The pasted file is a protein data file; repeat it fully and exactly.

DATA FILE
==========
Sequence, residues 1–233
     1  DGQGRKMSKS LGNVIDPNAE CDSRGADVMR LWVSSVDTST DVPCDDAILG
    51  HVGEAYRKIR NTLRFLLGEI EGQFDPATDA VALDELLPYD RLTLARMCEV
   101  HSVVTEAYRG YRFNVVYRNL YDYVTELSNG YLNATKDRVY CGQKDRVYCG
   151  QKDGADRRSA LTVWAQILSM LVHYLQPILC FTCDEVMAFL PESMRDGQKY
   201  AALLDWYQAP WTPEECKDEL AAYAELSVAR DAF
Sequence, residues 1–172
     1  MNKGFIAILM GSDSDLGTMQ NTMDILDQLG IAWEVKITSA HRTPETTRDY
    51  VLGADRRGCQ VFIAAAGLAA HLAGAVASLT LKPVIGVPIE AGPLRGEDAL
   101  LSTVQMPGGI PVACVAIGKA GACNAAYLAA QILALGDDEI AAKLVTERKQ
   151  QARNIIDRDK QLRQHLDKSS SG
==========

Sequence, residues 1–233
     1  DGQGRKMSKS LGNVIDPNAE CDSRGADVMR LWVSSVDTST DVPCDDAILG
    51  HVGEAYRKIR NTLRFLLGEI EGQFDPATDA VALDELLPYD RLTLARMCEV
   101  HSVVTEAYRG YRFNVVYRNL YDYVTELSNG YLNATKDRVY CGQKDRVYCG
   151  QKDGADRRSA LTVWAQILSM LVHYLQPILC FTCDEVMAFL PESMRDGQKY
   201  AALLDWYQAP WTPEECKDEL AAYAELSVAR DAF
Sequence, residues 1–172
     1  MNKGFIAILM GSDSDLGTMQ NTMDILDQLG IAWEVKITSA HRTPETTRDY
    51  VLGADRRGCQ VFIAAAGLAA HLAGAVASLT LKPVIGVPIE AGPLRGEDAL
   101  LSTVQMPGGI PVACVAIGKA GACNAAYLAA QILALGDDEI AAKLVTERKQ
   151  QARNIIDRDK QLRQHLDKSS SG